If you just check your blood sugar right before a run or ride, you’re going to go an hour before you check again. There is an entire hour you don’t know what your blood sugar was. With a continuous glucose monitor, you can see if it’s going up or down, and you can make proactive adjustments that make those unpredictable times extremely manageable.
1 AnswerIn the past there has definitely been a stigma associated with diabetes. Here I am, an athlete and one of the best controlled people with diabetes in the world, and I still get people who, when I’m drinking soda or eating cake, will say, “You can’t have that. You have diabetes.”
When I was younger it infuriated me, and I’d get mad and argumentative. As I’ve grown older, I realize it’s an opportunity I have to educate people. I would just suggest that if it’s possible, use it to educate your friends.
1 AnswerDuring the two- or three-hour window after strenuous exercise it’s crucial to know where your blood sugar is and do constant monitoring. It will be different today than it will be tomorrow. This is something all of our athletes with type 1 must do.
After exercise, the body is going through a lot of hormonal changes. Whatever glucose gets produced in the bloodstream to help with exercise, whatever you eat during exercise that your body doesn’t use during the event, combined with the body’s cortisol production can cause a big spike in blood sugar immediately following exercise for about an hour-and-a-half period. It’s common among all of our athletes to give a bolus immediately following exercise to prevent this post-exercise spike. (Bolus is the term we use to describe delivering insulin.)
At that point, it’s about tinkering with the right number to find out how much insulin you need. To dampen the spike, we will, the second we’re done with exercise, do a bolus of 4 units of insulin. If I want to eat, I would double the insulin I would normally do – but that’s just in that one hour period after exercise. Everyone is a little bit different. The one consistency we’ve seen is the spike immediately following exercise and the drop in blood sugar in the hour and a half post exercise.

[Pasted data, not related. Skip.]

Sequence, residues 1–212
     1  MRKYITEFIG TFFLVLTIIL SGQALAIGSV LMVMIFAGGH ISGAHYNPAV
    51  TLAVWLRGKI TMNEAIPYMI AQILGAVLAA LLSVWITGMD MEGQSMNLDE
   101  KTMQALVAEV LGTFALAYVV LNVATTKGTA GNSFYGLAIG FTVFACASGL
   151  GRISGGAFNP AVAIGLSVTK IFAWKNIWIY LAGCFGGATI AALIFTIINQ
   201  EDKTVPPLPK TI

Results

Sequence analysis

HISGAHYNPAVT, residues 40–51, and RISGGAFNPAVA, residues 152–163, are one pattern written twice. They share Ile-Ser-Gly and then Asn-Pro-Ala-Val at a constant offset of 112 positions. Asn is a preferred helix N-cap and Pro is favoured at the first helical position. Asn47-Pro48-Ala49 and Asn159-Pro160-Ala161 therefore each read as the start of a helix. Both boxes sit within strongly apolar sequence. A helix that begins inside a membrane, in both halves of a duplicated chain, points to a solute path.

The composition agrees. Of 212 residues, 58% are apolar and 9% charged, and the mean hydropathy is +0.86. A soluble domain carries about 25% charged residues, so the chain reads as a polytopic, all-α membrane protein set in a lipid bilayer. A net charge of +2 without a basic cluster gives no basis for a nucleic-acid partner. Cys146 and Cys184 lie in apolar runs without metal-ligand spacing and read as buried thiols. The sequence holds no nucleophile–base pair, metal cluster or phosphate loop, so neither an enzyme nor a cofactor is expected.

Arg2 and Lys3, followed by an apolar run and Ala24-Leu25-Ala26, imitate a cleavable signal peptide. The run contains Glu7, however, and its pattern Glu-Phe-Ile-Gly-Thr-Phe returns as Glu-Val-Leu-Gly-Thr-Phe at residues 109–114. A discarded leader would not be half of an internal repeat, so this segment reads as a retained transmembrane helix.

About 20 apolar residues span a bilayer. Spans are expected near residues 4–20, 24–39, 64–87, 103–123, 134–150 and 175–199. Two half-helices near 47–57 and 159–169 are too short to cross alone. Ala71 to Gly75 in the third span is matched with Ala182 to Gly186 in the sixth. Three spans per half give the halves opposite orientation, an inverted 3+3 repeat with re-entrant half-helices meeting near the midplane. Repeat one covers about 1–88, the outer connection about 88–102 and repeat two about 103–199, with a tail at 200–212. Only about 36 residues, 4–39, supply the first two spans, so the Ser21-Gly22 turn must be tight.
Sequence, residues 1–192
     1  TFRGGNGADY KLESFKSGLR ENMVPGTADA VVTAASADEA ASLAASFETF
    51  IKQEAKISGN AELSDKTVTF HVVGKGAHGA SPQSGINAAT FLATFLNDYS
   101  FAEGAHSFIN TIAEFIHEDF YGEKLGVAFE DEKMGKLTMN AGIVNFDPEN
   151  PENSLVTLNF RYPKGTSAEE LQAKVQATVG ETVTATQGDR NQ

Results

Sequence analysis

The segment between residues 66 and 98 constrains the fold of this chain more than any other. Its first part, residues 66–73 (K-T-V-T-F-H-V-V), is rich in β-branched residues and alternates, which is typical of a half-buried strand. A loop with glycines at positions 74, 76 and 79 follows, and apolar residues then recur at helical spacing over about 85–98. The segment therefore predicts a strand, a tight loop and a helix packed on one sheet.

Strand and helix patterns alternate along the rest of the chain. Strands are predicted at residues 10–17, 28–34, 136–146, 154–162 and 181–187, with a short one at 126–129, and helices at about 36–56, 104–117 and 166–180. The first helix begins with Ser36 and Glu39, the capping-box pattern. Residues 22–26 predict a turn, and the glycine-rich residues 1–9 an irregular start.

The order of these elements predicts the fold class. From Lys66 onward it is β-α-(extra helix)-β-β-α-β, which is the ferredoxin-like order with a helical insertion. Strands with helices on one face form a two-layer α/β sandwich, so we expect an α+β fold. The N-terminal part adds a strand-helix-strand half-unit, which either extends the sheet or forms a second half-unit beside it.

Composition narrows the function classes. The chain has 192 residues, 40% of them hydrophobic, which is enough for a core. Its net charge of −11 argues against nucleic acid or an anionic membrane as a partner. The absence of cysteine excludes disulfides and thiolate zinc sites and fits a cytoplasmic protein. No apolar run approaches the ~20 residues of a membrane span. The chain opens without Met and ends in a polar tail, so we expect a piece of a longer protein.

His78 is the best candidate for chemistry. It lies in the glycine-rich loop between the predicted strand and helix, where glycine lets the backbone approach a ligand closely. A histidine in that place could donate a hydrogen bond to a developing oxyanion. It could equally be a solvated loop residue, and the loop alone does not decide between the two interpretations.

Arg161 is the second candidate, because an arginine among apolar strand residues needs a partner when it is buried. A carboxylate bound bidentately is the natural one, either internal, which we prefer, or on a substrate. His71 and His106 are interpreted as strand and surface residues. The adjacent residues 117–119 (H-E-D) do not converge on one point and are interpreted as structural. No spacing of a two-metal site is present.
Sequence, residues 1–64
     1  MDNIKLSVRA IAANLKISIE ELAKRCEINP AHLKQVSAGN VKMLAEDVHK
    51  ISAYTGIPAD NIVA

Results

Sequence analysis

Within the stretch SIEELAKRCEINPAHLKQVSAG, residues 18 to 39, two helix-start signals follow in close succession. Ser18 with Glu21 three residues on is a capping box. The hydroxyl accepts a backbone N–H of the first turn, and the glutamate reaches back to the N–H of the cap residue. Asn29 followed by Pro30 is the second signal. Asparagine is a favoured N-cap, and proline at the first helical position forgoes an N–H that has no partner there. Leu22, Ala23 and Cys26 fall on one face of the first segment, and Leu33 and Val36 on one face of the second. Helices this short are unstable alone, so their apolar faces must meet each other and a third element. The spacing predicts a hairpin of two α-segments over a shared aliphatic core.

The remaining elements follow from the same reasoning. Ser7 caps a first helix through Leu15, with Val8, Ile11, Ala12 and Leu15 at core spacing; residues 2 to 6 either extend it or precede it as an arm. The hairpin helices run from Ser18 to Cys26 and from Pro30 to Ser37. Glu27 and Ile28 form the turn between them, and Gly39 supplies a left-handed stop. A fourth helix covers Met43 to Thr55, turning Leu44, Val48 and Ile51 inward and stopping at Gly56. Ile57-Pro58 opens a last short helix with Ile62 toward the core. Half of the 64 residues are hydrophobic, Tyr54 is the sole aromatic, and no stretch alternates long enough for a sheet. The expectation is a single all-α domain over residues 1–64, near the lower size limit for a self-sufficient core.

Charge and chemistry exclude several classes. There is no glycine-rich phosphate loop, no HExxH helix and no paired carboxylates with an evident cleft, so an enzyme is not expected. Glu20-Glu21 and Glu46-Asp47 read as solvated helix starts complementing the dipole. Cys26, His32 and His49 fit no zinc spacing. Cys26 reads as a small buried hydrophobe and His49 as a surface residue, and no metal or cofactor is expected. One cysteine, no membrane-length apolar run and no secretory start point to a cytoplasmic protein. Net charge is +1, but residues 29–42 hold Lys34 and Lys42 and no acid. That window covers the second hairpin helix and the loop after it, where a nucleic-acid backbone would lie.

2 AnswersIntermountain Registered Dietitians, Nutrition & Dietetics, answered on behalf of Intermountain HealthcareFood is made up of three main nutrients: fat, protein, and carbohydrate. Of these, carbs have the biggest effect on your blood glucose. For this reason, you need to match your insulin intake to your carbohydrate intake ("cover" your carbs). You can do this by carefully measuring your insulin doses and counting carbs in your meals and snacks.
3 AnswersIntermountain Registered Dietitians, Nutrition & Dietetics, answered on behalf of Intermountain HealthcareIn years past, diabetes treatment meant strict control over your daily diet. But that's no longer the case. Thanks to newer insulin types, you and other kids with diabetes can be flexible in your eating habits. You can eat as much or as little as you need to satisfy your hunger. For you, meal planning is more about these basic principles:
- Eat a variety of foods. This is the best way to make sure you're getting the energy, vitamins, and minerals you need to grow, play, work, and stay healthy.
- Allow yourself treats once in a while -- but don't overdo it. There are no "bad foods" or "good foods" in your meal plan. But just like everybody else, you need to make healthy choices.
- Try to stick to a schedule. Have your meals and snacks at about the same time every day, and don't "graze" in between.
- Pay attention to carbohydrates (carbs) in your meals and snacks. Food is made up of three main nutrients: fat, protein, and carbohydrate. Of these, carbs have the biggest effect on your blood glucose. For this reason, you need to match your insulin intake to your carbohydrate intake ("cover" your carbs). You can do this by carefully measuring your insulin doses and counting carbs in your meals and snacks.